Mysterious reboot

Giorgos Keramidas keramida at
Thu Feb 16 13:33:31 PST 2006

On 2006-02-16 15:18, Mike Loiterman <mike at> wrote:
>Giorgos Keramidas <mailto:keramida at> wrote:
>> On 2006-02-16 14:32, Mike Loiterman <mike at> wrote:
>>> Wouter Spierenburg <mailto:wouter at> wrote:
>>>> Try adding the following to /etc/sysctl.conf:
>>>> kern.maxfiles=65535
>>>> kern.maxfilesperproc=20000
>>>> net.inet.tcp.delayed_ack=0
>>>> net.inet.ip.maxfragpackets=10
>>>> kern.ipc.somaxconn=2048
>>>> then 'cd' to /usr/src/sys/i386/conf
>>>> vi SERVER
>>>> and add the following lines at the bottom of the file: options
>>>> TCPDEBUG options         RANDOM_IP_ID
>>>> options         TCP_DROP_SYNFIN
>>>> options         NMBCLUSTERS=65535
>>>> options         NMBUFS=40960
>> I'm not sure if the options are useful for your setup, so I'm
>> not going to comment for or against them.
> Well, the server is an email/web server primarily.  Not a huge
> load, but I want to be hardened against DOS attacks...would
> these help?

kern.maxfiles and kern.masfilesperproc may need some tuning, but
you would have to look at other related sysctls to be sure that
you really need all those sizes, i.e.:

    # sysctl kern.openfiles

will provide a measure of how many files your system keeps open.
If this is too close to kern.maxfiles, you should definitely
increase kern.maxfiles a bit, to be able to handle a bigger load.

net.inet.tcp.delayed_ack may actually help for bulk transfers,
by sending a smaller amount of packets for TCP acknowledgements.

Reducing net.inet.ip.maxfragpackets so much will decrease the
memory amount used for keeping around fragments of packets, but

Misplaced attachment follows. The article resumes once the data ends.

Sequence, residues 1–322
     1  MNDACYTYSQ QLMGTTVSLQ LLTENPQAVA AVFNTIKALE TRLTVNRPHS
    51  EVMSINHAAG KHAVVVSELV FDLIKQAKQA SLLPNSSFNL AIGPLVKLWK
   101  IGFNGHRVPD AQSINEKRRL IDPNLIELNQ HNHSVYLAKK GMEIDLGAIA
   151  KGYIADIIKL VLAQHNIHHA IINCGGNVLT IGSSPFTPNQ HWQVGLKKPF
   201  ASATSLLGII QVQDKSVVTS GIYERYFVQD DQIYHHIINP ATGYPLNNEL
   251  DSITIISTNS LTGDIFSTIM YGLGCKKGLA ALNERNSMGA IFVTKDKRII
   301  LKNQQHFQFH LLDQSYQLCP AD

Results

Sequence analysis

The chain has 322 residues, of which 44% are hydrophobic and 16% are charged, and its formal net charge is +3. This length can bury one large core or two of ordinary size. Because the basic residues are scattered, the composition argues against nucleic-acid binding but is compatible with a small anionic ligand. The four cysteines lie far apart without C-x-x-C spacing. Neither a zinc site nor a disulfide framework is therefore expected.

it also has the potential of increasing the number of fragments
that are dropped & retransmitted.  You should first look at:

    # sysctl net.inet.ip.fragpackets

to see how many fragments your system usually keeps around.

Increasing kern.ipc.somaxconn to 2048 will also require a bit
more memory, for keeping the state of 'sockets pending a
connection' around.  But it will also decrease the amount of
sockets that drop connections, potentially allowing more clients
to connect at about the same time without having their connection
being reset immediately.

TCPDEBUG is not really a good option for a production machine,
as it will probably slow things down a bit.

RANDOM_IP_ID is more secure than not having it, but it also puts
a bit more strain on the system by making frequent calls to the
random IP id generator.

TCP_DROP_SYNFIN has interesting comments in the `NOTES' files, so
use it with care.

NMBCLUSTERS and NMBUS can be probably optimized a bit, but first
you should take a look at the statistics of:

    # netstat -m
    258/387/645 mbufs in use (current/cache/total)
    256/134/390/17024 mbuf clusters in use (current/cache/total/max)
    576K/364K/941K bytes allocated to network (current/cache/total)
    0/0/0 requests for mbufs denied (mbufs/clusters/mbuf+clusters)
    0/0/0 sfbufs in use (current/peak/max)
    0 requests for sfbufs denied
    0 requests for sfbufs delayed
    0 requests for I/O initiated by sendfile
    0 calls to protocol drain routines

If the 'current' values are very close to 'total' or 'max', you
probably need to bump these a bit.

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